Notre Dame football: Is Manti Te’o naive or a liar? It doesn’t matter

Te'o

Is Manti Te’o the perpetrator or victim of an elaborate hoax? I’m here to tell you why it doesn’t matter which is true.

As if the 42-14 drubbing the Notre Dame football team endured January 7th wasn’t bad enough, the Irish faithful now have quite possibly the weirdest/disturbing story we have seen in sports for a long time.

We all know it by now: The week of the Irish’s game against Michigan State, news came out the star linebacker Manti Te’o had lost both his grandmother and his girlfriend within hours of each other. The story was emotional, and Te’o’s resolve and play were inspiring. Little did we know that Te’o’s girlfriend, the supposed Lannay Kukua, never existed. Or, if she does, not in the manner or capacity that we thought. And she certainly isn’t dead.

The story broke yesterday on the website Deadspin. To see the original article, see here: http://deadspin.com/5976517/manti-teos-dead-girlfriend-the-most-heartbreaking-and-inspirational-story-of-the-college-football-season-is-a-hoax. Most of the details of Te’o’s “relationship” with Lannay Kukua have been hashed and rehashed on just about very sports and news website and TV channel, so we won’t go into the specific details here, but we’ll cover the generics.

The basics are: Te’o states he met this woman online, and through the internet and phone calls, grew into what he described as a “romantic relationship.” He was then informed of Kukua’s leukemia diagnosis after she was involved in a car accident. Then the day his grandmother passed away, he was also informed of Kukua’s death due to complications from leukemia.

Everyone was taken by this dual tragedy that Te’o had apparently suffered, and felt for him as he and the Irish surged their way to national relevance again. All was well until we all found out that Kukua did not, in fact, exist (except, according to Arizona Cardinals fullback Reagan Maui’a, she does).

We know that Ronaiah Tuiasasopo is involved, and may be the perpetrator of the whole hoax. What we don’t know is the extent to which Te’o was involved – if he was involved at all. And I’m here to tell you this: It doesn’t matter one way or the other. Whichever proves to be the true case, Te’o is either naive, or a liar. Neither will look good when it comes to being drafted into the NFL, something that will surely happen regardless of how this works out. Te’o didn’t do anything illegal. If he was intricately involved in the scheme, he only proves himself to be yet another publicity hungry, amoral athlete, something we have had no shortage of in our sports history. That will raise red flags to the NFL people regarding his character. If he was not involved, it raises some serious red flags about his judgment. But he’s still going to be drafted, still get signed to a big money contract – no way he slips out of the first round – and the world will go on spinning. He’ll still be lambasted for years in opponents’ stadiums. When it comes to being dishonest or just dumb, the opposing team’s fans will be just as merciless either way.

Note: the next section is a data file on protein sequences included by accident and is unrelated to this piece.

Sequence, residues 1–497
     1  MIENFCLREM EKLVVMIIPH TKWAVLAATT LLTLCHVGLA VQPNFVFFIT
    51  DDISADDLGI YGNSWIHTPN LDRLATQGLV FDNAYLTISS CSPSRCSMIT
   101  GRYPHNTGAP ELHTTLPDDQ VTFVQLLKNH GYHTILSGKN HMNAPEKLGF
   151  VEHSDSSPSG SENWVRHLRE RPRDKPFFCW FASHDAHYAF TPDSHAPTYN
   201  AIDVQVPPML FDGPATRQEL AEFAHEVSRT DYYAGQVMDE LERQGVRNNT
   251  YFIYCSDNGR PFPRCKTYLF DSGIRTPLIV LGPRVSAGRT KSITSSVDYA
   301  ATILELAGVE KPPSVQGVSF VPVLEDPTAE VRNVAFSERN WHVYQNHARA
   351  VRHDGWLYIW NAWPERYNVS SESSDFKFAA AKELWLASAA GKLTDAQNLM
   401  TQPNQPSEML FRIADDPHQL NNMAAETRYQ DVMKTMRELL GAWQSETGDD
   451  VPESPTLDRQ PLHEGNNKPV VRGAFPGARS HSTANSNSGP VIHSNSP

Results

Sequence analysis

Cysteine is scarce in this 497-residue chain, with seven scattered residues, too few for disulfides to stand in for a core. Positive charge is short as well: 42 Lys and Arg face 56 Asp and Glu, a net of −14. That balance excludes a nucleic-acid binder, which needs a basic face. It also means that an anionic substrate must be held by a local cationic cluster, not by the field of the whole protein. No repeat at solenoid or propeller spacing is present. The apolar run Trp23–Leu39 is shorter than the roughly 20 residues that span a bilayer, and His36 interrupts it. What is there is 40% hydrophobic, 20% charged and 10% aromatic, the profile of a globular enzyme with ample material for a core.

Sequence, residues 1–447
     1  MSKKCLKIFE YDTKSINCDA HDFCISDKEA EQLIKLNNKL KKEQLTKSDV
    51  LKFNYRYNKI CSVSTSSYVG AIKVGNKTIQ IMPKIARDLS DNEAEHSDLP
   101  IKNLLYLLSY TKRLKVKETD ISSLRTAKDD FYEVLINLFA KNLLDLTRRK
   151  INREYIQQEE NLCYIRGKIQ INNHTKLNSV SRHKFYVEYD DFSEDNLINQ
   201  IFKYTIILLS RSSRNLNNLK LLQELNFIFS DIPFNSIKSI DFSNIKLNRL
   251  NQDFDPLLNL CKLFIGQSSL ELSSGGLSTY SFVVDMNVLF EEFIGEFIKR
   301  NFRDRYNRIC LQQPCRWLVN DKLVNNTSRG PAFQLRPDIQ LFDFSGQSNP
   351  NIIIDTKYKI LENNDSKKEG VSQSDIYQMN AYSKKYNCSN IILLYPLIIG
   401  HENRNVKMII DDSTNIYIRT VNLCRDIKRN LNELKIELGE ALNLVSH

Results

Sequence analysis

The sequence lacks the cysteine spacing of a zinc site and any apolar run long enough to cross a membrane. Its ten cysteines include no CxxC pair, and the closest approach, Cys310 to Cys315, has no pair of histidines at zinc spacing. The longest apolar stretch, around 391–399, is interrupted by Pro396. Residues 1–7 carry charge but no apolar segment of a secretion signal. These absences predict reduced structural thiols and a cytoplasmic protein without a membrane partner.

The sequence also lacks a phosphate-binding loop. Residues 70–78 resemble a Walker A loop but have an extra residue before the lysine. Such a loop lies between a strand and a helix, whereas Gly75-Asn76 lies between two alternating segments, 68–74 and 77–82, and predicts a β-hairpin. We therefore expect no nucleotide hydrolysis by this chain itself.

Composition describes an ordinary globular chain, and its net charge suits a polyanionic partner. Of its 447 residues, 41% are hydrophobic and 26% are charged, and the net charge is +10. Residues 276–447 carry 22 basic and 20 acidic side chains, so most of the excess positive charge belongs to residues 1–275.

Until we know all or most of the answers to the seemingly hundreds of questions still surrounding this situation, I think the court of public opinion just needs to shut up and let it play out. That, of course, is impossible, but it would be nice to see people hold off on their judgments until the evidence has been presented in full.

Don’t get me wrong, if Te’o is proven or admits to being involved in the hoax, he deserves every last bit of scorn he has received and will receive. But if he was just a victim to someone’s sick idea of a joke, then the guy deserves a bit of a break.

Initially, I am personally leaning towards the victim side. I’d have a hard time believing that Notre Dame Athletic Director Jack Swarbrick would defend Te’o so strongly if it wasn’t. I’d like to see the final report they received from the private investigators they hired to look in to the matter though. I also have a difficult time believing Te’o thought he needed to do this for publicity. When the story about Kukua’s death first came out, no one was even close to mentioning Te’o for the Heisman. He was already one of the best defensive players in college football, and on one of the most highly publicized programs in the nation. So for me, that argument doesn’t hold water.

But there are circumstances that could sway me to the other side. We need to know what Te’o’s full connection to Ronaiah Tuiasasopo is. We need to find out if there really is a Lannay Kukua, and if so, what her connections in this are, if any at all. And, if Te’o was involved in the hoax, we need to know the real reason why.

Liar or naive, idiot or a$$hole, Te’o is going to be ridiculed and scorned for the rest of his football life, and maybe even longer. Whatever mistakes Te’o has made, he’s going to pay for them either way.

That’s why it doesn’t matter.

Follow me on Twitter @IrishColt1

 

Comments

  1. says

    I’ve recently started a web site, the information you provide on this website has helped me tremendously. Thank you for all of your time & work. “Patriotism is often an arbitrary veneration of real estate above principles.” by George Jean Nathan.

Trackbacks

Leave a Comment

Your email address will not be published. Required fields are marked *

You may use these HTML tags and attributes: <a href="" title=""> <abbr title=""> <acronym title=""> <b> <blockquote cite=""> <cite> <code> <del datetime=""> <em> <i> <q cite=""> <strike> <strong>